Dietary supplement maker Herbalife will pay $123 million to settle charges of violating the Foreign Corrupt Practices Act (FCPA) brought by the Securities and Exchange Commission and Department of Justice.

Herbalife had disclosed in May that it had set aside the $123 million in accrued liability regarding the investigations, which focused on violations of the books-and-records and internal accounting controls provisions of the FCPA in China. As part of its settlement with the Justice Department, Herbalife admitted to the charges and entered a deferred prosecution agreement (DPA) for a period of three years.

“As admitted in the deferred prosecution agreement entered into today, Herbalife approved the extensive and systematic corrupt payments to Chinese government officials over a 10-year period to promote and expand Herbalife’s business in China,” said acting U.S. Attorney Audrey Strauss of the Southern District of New York in a press release. “… This case signifies this Office’s commitment to ensuring that companies operating in the U.S. do not gain an unfair advantage through corruption and illegal bribes of foreign officials.”

In resolving the matter, Herbalife agreed to pay to the SEC disgorgement and prejudgment interest totaling approximately $67.3 million. The company will pay a criminal fine of approximately $55.7 million to the DOJ, which reflects a 25 percent reduction off the bottom of the U.S. Sentencing Guidelines fine range based on its “full cooperation with the government’s investigation.”

Herbalife first revealed the investigations by U.S. regulators in 2017, which “mainly focused on the company’s China external affairs expenditures relating to its China business activities and the adequacy of, and compliance with, the company’s internal controls relating to such expenditures,” according to a regulatory filing by the company. Herbalife said it had also launched its own review and “taken remedial and improvement measures based upon this review, including but not limited to replacement of a number of employees and enhancements of company policies and procedures in China.”

The investigations focused on actions by the company’s Chinese subsidiaries that took place from at least 2007 through 2016, according to the DOJ. In November 2019, the DOJ brought charges against “Jerry Li,” the former head and managing director of Herbalife’s China subsidiary, and “Mary Yang,” who formerly ran the external affairs department of Herbalife’s China subsidiary, for FCPA violations regarding bribes to Chinese government officials to obtain and retain business and other benefits for the company, and then trying to cover up the illicit payments by maintaining false accounting records. Li, who also faces FCPA charges from the SEC, and Yang remain at large.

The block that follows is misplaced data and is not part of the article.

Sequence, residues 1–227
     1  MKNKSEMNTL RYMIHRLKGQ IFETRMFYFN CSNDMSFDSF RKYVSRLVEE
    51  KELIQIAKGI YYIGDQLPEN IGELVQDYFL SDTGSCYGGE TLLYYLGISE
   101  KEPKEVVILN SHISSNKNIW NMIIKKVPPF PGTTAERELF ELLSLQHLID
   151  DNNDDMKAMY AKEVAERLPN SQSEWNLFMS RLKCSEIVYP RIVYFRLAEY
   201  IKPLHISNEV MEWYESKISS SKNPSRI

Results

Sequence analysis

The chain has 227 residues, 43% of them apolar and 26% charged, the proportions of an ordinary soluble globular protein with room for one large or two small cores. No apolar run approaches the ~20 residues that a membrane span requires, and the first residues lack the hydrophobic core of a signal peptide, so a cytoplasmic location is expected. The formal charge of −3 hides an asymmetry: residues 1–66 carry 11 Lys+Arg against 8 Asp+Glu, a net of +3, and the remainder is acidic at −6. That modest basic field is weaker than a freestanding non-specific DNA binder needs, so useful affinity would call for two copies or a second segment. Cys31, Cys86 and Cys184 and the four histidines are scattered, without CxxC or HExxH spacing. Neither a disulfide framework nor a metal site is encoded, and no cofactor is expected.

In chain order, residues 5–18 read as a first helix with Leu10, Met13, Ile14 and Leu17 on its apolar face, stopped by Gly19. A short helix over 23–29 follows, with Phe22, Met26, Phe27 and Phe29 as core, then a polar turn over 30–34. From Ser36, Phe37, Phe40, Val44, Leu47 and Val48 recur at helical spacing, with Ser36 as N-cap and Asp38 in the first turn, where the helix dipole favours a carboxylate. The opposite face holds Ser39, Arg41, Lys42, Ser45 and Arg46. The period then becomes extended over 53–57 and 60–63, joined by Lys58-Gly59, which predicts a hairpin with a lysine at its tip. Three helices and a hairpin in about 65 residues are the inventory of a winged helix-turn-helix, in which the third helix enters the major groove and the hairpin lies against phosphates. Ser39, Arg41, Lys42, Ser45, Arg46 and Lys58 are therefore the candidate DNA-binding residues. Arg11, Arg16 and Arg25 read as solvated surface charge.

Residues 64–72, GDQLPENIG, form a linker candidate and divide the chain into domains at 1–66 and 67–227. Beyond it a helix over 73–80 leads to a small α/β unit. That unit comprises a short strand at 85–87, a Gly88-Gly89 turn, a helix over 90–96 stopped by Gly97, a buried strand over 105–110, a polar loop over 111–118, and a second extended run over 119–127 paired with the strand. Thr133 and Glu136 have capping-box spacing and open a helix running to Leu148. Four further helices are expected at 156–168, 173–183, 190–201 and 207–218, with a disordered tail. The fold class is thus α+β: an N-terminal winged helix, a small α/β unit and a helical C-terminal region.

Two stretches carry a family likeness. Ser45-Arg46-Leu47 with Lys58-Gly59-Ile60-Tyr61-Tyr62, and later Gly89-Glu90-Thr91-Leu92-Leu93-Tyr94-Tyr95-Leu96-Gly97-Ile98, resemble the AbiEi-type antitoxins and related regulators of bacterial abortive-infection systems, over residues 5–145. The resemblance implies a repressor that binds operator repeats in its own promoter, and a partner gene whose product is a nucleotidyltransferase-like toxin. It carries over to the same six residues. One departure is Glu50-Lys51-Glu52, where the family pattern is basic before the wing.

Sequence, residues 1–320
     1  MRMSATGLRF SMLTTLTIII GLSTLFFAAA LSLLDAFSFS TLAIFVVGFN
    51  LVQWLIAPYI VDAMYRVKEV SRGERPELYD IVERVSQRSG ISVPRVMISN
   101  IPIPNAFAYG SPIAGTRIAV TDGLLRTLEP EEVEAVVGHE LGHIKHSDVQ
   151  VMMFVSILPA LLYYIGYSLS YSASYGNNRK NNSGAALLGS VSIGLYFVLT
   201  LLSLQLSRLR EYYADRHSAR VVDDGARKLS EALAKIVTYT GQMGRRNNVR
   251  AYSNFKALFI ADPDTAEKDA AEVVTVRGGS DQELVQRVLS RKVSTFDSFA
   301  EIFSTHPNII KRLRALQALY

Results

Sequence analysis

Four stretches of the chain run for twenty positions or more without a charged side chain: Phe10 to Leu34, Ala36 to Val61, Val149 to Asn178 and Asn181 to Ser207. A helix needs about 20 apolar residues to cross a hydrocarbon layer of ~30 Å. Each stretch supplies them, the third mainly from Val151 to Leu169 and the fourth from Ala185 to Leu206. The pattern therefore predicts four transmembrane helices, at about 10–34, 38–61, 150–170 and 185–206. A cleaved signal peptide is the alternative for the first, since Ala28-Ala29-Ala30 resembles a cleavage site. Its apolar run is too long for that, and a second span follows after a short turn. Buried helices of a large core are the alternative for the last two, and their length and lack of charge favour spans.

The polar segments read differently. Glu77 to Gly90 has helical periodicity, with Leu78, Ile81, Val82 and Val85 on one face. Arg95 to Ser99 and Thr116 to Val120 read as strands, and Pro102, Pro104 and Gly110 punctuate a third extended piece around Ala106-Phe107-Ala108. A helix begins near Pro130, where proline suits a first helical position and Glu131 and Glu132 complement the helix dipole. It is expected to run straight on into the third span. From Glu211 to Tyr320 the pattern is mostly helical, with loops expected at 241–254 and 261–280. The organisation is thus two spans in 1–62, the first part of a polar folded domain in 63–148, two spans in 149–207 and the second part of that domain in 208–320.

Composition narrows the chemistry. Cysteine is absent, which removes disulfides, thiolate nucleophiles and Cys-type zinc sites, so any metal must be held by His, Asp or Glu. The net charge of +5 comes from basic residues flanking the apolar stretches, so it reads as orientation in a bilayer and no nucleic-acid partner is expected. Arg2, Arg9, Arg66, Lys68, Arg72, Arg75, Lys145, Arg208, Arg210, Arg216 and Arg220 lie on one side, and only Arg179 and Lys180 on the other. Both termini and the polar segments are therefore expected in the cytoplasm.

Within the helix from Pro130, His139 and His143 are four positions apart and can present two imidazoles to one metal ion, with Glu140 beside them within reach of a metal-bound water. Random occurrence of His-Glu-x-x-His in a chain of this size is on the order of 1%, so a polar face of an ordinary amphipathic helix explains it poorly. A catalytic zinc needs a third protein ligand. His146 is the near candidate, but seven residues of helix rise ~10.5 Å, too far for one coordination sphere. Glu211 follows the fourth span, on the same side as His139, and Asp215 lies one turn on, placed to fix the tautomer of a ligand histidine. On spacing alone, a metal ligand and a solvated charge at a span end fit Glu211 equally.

“Herbalife’s inadequate internal accounting controls allowed an environment of corruption to exist in its Chinese subsidiaries for more than a decade,” stated Sanjay Wadhwa, senior associate director of the SEC’s New York Regional Office. “A strong system of internal controls is vital for issuers, especially those with operations around the globe.”

Compliance terms of the DPA

As mitigating factors in laying out the DPA, the DOJ noted Herbalife’s cooperation with the FCPA investigations and enhancements to its compliance program in the areas of anti-corruption, annual risk assessment, accounting controls, audit procedures, and policies related to giving gifts to foreign officials. As a result of these enhancements, the DOJ did not consider an independent corporate monitor necessary.

Herbalife will, however, report to the DOJ annually during the three-year DPA term regarding its remediation and implementation of its enhanced compliance measures.

“The Company will ensure that its directors and senior management provide strong, explicit, and visible support and commitment to its corporate policy against violations of the anticorruption laws and its compliance codes, and demonstrate rigorous adherence by example,” the DPA reads. “The Company will also ensure that middle management, in turn, reinforce those standards and C-2 encourage employees to abide by them. The Company will create and foster a culture of ethics and compliance with the law in its day-to-day operations at all levels of the company.”

If Herbalife remains in compliance with the DPA during its three-year term, the deferred charge against the company would be dismissed with prejudice.